I stared at the e-mail invitation: Want to meet us at a tapas bar for happy hour?
“You ever been to a tapas bar?” I yelled down the hall to my not-insignificant-other.
“Didn’t you read “The Courier”? Remember Lara sitting at La Torre del Oro? That’s one of Madrid’s most famous tapas bars.”
Oh sure, Spain. Rub it in: the fact that he’s got books published, and I don’t; the fact that he travels around the world, and I don’t. As a Las Vegas native I know that sooner or later the world comes here. We have an Eiffel Tower, some Venetian canals, an Egyptian pyramid and the Statue of Liberty. I’ve been in traffic jams caused by presidents, popes, icons of rock, and the stars of “America’s Most Wanted,” so there’s no way I’m going to pull on a pair of idiot mittens and play the role of urban bumpkin. I leapt to my computer and started Googling tapas.
King Alphonso, the extremely well educated, is usually credited with putting this dish on the menu. On his way to battle the Moors he stopped off at an inn in Cadiz and ordered a sherry to go. The waiter, hoping for a good tip, plopped a slice of salami over the top to keep out flies and other particulate matter. Alphonso liked the combination so much he ordered another drink “with the same cover.” As the Spanish word for “cover” is tapa, a new menu item was coined.
And so, armed with my newfound knowledge of all things tapal, my not-insignificant-other and I met our friends, Eric and Laura, at Firefly, a tapas bar on Paradise, between Flamingo and DI (Desert Inn for you non-locals). The experience was just as electric as it sounds. We were seated in those barstool chairs that always make me feel like my mom is going to slide a tray over my lap, our feet dangling far from the floor. While my friends sampled the various mojitos, I dove right into a chillin’ red sangria which, according to the menu, had been marinating for three days. I couldn’t tell, but I was pickled by the time I worked my way through the apple and orange slices.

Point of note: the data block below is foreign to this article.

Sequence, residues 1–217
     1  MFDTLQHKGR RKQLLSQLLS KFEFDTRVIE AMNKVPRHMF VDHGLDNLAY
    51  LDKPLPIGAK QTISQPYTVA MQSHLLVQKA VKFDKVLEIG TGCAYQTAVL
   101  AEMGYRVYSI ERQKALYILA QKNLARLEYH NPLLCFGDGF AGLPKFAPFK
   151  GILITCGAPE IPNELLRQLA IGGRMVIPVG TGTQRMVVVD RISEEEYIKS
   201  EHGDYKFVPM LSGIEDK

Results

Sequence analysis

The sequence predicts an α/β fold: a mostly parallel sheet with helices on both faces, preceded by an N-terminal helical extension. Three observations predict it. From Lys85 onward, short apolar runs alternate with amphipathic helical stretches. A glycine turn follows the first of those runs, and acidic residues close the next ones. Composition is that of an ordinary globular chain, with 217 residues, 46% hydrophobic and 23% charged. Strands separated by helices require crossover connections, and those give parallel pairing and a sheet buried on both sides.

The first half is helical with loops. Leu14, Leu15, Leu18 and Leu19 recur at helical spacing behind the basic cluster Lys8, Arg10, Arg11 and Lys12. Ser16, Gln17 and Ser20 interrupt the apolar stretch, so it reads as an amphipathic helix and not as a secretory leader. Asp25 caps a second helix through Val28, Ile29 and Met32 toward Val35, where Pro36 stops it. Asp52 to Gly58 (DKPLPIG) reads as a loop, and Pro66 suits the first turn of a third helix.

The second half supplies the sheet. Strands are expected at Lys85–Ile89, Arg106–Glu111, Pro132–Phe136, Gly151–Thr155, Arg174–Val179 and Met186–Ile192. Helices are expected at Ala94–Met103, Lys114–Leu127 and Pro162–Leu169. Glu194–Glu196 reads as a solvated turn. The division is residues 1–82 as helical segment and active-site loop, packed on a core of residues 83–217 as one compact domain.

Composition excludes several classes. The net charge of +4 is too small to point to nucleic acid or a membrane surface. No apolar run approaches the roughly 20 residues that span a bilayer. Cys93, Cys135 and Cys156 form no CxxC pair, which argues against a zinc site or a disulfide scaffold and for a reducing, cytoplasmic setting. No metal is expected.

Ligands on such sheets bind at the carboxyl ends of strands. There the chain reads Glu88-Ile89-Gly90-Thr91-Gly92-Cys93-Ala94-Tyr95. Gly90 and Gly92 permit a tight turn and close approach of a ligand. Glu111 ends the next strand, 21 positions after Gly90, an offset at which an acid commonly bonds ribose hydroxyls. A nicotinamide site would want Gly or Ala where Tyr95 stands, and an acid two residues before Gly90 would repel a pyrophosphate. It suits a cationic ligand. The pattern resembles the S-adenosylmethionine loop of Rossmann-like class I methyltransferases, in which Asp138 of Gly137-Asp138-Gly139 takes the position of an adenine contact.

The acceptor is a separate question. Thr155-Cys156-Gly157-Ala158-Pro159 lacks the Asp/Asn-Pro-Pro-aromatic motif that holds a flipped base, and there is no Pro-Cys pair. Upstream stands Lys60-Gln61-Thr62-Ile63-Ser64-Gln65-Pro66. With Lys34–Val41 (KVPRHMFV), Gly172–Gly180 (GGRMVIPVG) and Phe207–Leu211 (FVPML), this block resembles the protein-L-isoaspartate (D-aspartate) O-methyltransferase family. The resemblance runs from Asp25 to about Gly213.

Like nachos, tapas has no singular, but unlike nachos no two are alike. Dining on tapas is like eating an entire meal of appetizers. They come on little plates you share with your pals. Très cool. Being a total neophyte, I wanted to hold off on ordering so I wouldn’t make a mistake, but Eric and Laura, experienced Tapateers, refused to allow any weenie-ing out and made me pick. I closed my eyes and let my fingers do the walking – mushroom thing in puff pastry. Laura ordered the empanadas, Eric got the bacon-wrapped dates stuffed with almonds, and my not-insignificant-other ordered deep-fried calamari plus a couple of salads. “You don’t get green salads at the tapas bars in Spain,” he pontificated. Blah, blah, blah.
Had there been any dish less than great, we could have passed on it at a very reasonable cost, but Firefly specializes in WONDERFUL, each bite better than the last. Passing around the plates, we stabbed the food with sharply honed forks, the task requiring greater dexterity and motor skills after drinking all those sangrias and mojitos.
Although the restaurant is close to the Strip, it is far enough away to maintain its dignity. Some traffic sifts down from the hotels to the west, but a lot of the customers are locals. A family reunion at the table next to ours gave us the perfect bird’s-eye view on relationship formation and dissolution. As we discussed writing issues and the state of the nation, our opinions became more and more profound with every drink. When I got up to weave my way out of the restaurant, I found the floor had dropped another six inches, and the walls had slanted to my left.
Although we only got started on the menu, I can’t wait to advance all the way through. The best of Spain has clearly arrived in Las Vegas. I knew it was only a matter of time.